It was Kyle Larson who got most of the media attention heading into Charlotte about making his Sprint Cup Series debut. He did not do it alone as Brian Scott and Blake Koch each made their inaugural Sprint Cup races. Of the trio, Scott produced the best finish coming home in the 27th position. Larson was quick and up near the top-10, but his engine expired after completing 247 of the 334 laps, relegating him to a 37th place finish. Koch was a late add to the #95 Leavine Family Racing Ford and ran 216 laps before retiring with a vibration, he finished 38th. Larson is going to be running full-time in 2014, whereas Scott hopes to run a handful of races next season, and Koch’s plans are still unknown at this time. Each has a bright future, but Larson will be the one who garners all the attention.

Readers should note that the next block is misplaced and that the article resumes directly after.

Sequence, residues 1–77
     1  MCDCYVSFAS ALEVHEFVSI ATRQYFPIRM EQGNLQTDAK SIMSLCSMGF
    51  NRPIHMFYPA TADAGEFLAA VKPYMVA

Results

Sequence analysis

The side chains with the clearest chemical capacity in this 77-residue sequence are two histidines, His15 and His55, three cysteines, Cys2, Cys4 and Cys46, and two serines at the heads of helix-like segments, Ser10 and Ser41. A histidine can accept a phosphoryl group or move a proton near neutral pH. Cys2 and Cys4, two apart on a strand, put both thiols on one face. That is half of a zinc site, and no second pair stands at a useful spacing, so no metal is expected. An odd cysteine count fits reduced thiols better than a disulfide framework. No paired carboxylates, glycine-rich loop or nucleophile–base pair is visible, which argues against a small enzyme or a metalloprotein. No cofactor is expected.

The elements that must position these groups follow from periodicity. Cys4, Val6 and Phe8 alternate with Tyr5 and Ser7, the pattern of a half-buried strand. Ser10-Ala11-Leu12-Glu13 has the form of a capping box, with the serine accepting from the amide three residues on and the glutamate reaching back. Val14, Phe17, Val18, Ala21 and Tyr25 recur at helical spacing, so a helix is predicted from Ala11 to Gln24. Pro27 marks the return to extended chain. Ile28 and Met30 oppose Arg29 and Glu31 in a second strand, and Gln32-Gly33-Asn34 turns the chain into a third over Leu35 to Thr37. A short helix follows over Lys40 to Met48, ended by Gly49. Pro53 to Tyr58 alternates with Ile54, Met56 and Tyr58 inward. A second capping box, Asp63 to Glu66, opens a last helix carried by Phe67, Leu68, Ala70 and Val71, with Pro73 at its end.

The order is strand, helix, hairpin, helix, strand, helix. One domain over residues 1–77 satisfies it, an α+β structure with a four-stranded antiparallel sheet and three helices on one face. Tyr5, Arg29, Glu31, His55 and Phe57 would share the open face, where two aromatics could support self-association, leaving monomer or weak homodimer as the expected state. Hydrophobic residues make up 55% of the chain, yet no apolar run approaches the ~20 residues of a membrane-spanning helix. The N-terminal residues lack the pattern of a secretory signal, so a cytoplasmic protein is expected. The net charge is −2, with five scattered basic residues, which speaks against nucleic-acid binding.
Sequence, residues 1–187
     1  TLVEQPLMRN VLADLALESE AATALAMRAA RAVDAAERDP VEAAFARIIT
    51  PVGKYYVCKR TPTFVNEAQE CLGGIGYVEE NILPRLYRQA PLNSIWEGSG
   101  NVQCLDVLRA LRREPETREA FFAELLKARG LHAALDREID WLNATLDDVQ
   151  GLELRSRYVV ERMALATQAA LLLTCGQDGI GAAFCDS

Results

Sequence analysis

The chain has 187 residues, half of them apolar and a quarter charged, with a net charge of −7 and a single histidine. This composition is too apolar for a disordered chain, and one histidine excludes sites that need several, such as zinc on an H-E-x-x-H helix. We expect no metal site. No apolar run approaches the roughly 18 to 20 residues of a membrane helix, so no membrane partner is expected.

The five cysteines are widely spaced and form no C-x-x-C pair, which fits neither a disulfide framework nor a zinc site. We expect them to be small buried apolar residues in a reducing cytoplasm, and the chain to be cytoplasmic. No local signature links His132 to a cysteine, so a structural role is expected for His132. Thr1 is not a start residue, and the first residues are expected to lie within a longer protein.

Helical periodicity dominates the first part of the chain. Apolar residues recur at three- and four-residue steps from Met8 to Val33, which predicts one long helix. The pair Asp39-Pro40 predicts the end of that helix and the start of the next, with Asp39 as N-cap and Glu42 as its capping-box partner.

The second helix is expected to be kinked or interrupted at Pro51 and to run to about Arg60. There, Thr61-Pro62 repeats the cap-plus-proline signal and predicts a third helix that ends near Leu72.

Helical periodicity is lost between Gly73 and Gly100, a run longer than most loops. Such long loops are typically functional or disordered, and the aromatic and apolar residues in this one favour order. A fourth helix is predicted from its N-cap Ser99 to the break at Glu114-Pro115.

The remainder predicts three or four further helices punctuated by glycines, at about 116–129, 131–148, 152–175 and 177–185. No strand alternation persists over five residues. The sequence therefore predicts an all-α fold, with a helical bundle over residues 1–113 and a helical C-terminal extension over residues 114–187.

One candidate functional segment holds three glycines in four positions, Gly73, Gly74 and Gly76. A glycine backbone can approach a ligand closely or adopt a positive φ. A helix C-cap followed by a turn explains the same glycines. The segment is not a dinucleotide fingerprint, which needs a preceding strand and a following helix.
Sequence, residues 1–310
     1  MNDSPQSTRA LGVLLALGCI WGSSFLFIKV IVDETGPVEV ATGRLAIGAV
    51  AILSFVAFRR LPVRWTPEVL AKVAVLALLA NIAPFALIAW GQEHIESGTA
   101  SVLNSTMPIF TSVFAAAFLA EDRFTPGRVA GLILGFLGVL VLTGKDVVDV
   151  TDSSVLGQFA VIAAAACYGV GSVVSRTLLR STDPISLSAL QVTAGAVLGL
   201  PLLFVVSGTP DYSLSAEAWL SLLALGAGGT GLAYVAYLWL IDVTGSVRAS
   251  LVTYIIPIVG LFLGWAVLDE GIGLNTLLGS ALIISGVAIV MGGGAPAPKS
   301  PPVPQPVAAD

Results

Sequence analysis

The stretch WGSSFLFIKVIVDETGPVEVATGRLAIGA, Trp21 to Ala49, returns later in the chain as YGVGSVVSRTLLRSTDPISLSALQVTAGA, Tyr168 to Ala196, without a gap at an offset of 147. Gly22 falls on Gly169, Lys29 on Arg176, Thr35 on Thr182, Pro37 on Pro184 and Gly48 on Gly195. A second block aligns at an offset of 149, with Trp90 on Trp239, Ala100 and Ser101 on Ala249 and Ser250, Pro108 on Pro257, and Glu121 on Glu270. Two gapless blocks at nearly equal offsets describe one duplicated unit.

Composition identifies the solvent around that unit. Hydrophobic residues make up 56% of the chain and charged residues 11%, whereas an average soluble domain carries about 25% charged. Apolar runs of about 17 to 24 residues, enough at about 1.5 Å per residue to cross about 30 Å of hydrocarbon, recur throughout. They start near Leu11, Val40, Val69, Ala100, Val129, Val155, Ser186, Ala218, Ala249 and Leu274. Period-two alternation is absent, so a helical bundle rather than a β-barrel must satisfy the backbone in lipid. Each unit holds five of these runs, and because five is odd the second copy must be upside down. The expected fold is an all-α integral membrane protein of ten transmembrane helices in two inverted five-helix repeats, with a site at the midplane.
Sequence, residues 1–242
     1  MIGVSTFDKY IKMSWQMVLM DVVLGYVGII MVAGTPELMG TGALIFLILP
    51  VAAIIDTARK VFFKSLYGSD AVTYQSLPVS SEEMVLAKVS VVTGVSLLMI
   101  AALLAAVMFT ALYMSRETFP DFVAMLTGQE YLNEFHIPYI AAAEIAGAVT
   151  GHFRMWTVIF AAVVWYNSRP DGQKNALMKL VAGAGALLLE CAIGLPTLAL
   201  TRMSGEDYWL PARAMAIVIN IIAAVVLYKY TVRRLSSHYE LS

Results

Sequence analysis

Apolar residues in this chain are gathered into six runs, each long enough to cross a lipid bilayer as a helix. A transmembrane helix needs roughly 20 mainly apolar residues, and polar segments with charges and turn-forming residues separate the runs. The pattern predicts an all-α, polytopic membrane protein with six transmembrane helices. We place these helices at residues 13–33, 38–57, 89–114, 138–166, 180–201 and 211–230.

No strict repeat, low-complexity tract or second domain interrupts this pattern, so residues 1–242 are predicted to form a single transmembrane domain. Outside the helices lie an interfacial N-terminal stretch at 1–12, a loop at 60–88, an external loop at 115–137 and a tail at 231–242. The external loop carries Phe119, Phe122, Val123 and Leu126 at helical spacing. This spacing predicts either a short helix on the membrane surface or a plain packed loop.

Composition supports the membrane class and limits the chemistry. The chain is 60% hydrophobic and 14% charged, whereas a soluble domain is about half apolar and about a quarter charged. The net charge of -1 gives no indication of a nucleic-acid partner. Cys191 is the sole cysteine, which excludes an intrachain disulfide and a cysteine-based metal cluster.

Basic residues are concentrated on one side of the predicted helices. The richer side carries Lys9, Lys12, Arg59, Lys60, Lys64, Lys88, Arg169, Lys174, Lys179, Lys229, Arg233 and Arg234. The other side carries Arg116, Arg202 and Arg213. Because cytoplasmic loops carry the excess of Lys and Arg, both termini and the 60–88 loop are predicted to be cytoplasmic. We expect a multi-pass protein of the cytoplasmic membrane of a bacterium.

It’s down to a five man battle for the Sprint Cup championship this year, although you could argue it’s down to two already with five races to go. That’s good because Talladega is up next and the unpredictability of it will definitely shake things up. In the spring Carl Edwards, Jimmie Johnson, and Matt Kenseth were the only Chase drivers to get a top-10 finish. Heck, David Ragan won the race with David Gilliland pushing him. When we say anything can happen, anything can and will happen in the race. The goal of every Chase driver is to survive and hopefully not lose too many points in the process.